Previous research has proven that phase distortion in audio signals is audible. The real question then is not the existence, but the significance of the audibility. A psychoacoustic experiment is proposed to ascertain permissible levels of phase distortion in audio signals. This thesis research is not meant to be exhaustive by any means, but to ascertain some permissible levels based on careful experimental design and analysis. The Kwalwasser-Dykema Music Tests format will be used in the implementation of the thesis research with other considerations. These permissible levels may be beneficial in the design and application of audio equipment, especially in the area of transducer and loudspeaker system engineering.
Chapter 1 introduces the mathematical foundation of this thesis research. Phase distortion and group delay is defined in mathematical terms. Frequency- and time-domain characteristics of a minimum-phase second-order low-pass and first-order all-pass systems are investigated. Finally, an example of phase-intercept distortion is presented.
Chapter 2 introduces the audibility of phase distortion in audio signals. The physiology of the human ear is examined. The time-based processes of sound perception, such as timbral sensation in the human auditory process, are discussed. The phase-locking property of the auditory process is presented. Finally, previous research investigating the audibility of phase distortion is presented.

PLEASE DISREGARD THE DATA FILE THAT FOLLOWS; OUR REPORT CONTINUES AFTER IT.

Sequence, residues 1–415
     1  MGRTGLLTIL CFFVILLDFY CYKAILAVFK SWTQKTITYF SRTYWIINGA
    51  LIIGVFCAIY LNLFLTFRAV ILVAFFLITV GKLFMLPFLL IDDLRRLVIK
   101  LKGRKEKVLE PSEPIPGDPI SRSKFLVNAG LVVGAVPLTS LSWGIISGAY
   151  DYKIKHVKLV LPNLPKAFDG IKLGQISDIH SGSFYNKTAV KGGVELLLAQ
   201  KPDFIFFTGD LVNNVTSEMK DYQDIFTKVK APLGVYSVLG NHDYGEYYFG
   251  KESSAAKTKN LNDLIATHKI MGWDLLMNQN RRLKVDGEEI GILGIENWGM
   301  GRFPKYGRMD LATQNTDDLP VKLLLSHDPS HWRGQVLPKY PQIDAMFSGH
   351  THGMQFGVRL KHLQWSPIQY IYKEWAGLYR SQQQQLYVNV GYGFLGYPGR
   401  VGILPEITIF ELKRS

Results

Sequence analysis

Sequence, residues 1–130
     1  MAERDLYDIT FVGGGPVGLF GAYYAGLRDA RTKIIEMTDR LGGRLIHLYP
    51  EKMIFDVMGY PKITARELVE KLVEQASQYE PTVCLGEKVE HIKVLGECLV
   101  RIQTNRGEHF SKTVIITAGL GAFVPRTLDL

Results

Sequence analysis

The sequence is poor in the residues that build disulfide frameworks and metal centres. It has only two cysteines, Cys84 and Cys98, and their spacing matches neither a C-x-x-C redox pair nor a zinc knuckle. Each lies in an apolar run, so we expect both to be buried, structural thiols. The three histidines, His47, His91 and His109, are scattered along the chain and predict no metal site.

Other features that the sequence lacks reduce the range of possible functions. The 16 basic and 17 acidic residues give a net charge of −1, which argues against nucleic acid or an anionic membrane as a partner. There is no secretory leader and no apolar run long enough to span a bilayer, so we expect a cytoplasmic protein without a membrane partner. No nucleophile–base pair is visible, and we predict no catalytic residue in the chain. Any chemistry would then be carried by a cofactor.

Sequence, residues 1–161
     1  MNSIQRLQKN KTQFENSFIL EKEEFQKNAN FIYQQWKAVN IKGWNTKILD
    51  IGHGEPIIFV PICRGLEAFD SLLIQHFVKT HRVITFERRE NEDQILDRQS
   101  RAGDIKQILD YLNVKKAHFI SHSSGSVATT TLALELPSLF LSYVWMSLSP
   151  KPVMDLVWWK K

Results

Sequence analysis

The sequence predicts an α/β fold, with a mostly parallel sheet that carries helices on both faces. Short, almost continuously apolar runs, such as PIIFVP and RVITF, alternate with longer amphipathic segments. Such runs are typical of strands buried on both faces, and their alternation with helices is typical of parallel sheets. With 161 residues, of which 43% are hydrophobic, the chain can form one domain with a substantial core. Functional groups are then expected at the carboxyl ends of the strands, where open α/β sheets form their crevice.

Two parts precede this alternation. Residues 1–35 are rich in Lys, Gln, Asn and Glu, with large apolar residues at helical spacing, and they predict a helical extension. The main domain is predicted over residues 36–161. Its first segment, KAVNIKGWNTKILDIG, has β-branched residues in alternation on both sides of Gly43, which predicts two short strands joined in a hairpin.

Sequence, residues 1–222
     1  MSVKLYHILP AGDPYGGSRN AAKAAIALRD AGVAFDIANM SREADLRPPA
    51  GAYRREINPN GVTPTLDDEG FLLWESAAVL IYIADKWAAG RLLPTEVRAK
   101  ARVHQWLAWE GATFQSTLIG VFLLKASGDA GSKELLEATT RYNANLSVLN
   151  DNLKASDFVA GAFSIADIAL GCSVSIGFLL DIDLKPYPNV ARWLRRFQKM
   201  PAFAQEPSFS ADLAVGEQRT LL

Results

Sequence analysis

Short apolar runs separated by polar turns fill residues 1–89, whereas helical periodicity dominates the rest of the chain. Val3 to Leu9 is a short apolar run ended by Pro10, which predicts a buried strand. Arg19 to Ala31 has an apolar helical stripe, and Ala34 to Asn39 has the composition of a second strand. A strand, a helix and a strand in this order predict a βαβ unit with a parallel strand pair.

Chapter 3 will introduce the all-pass filter and audio test signals used in the listening test. The steps in formulating the all-pass filter are outlined. This is followed up by a formulation of a tunable second-order all-pass filter. The bilinear transform is introduced to perform the analog to digital transformation for the all-pass filter. Finally, test signals used in the listening test are introduced and discussed.
Chapter 4 introduces the listening test formulation process. A study is shown which compares the validity of various psychoacoustic listening test implementations. Test equipment used in this thesis research is presented. Finally, the listening test implementation used in the thesis research is outlined.
Chapter 5 presents the results and discusses them. The statistical analysis method of equalizing type 1 and 2 error is presented and implemented. Average correct responses of all test subjects for both the headphone and loudspeaker listening tests are presented. Finally, the results are discussed and implications are brought forward.
Chapter 6 finalizes this thesis research by presentation of the conclusion.